Shopping at the grocery store is an age-old battle between you, your pocketbook, and your waistline. The best way to conquer both the urge to overspend and to buy junk food is called “perimeter shopping.”
What Is Perimeter Shopping?
Simple: When you get to the grocery store, grab a shopping cart and make your way around the outside aisles, skipping most of the food in the inner aisles. The majority of grocery stores display have their produce, meat, dairy, and bakery sections on the outermost perimeter, so you can generally snag everything you actually need. It’s the inner aisles that showcase all the processed foods, which are both unhealthy and more expensive. If you enter the fray for, say, healthy cereal, look high and low—the worst junk food is often right at eye-level as a marketing ploy.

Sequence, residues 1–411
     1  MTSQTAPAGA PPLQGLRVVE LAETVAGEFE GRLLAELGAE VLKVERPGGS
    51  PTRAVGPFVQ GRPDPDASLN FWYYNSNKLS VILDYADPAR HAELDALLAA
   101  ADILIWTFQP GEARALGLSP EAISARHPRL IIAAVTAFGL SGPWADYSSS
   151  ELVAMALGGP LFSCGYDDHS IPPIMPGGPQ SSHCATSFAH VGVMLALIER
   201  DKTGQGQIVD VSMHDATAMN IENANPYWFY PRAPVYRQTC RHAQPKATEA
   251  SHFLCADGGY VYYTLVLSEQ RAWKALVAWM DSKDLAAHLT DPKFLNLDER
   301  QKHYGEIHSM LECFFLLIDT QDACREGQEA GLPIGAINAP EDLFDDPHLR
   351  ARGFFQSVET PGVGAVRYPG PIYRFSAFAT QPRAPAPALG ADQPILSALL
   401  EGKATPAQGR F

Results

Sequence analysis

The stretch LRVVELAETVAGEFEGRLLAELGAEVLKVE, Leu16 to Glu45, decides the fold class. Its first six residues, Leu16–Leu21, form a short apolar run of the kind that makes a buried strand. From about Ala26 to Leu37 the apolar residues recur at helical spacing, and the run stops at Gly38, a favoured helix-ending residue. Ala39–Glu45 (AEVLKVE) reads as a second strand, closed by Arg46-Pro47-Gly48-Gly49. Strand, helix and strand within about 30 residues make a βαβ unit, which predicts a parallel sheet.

How Much Can Perimeter Shopping Really Save You (In Dollars And Calories)?
Say you want a snack. An apple would cost roughly 75 cents, whereas a bag of apple chips would cost close to $3. The apple is about 130 calories (for 242 grams), whereas the apple chips would ring in at about 175 calories (for only 72 grams). So, the apple is less than a third the price, and gives you more than triple the food—and “full factor”—for fewer calories.
The Supermarket Has Massive Savings Power In Its Own Right.
Americans between the ages of 25 and 34 spend an average of almost $3,000 per year on eating out. Meanwhile, if an average lunch out costs about $8 and a homemade one costs $3, you could save over $4,000 within three years simply by bringing your lunch to work!
To figure out how much money you could save by cooking just a little bit (and we really mean just a little bit), play around with this Lunch Savings Calculator.
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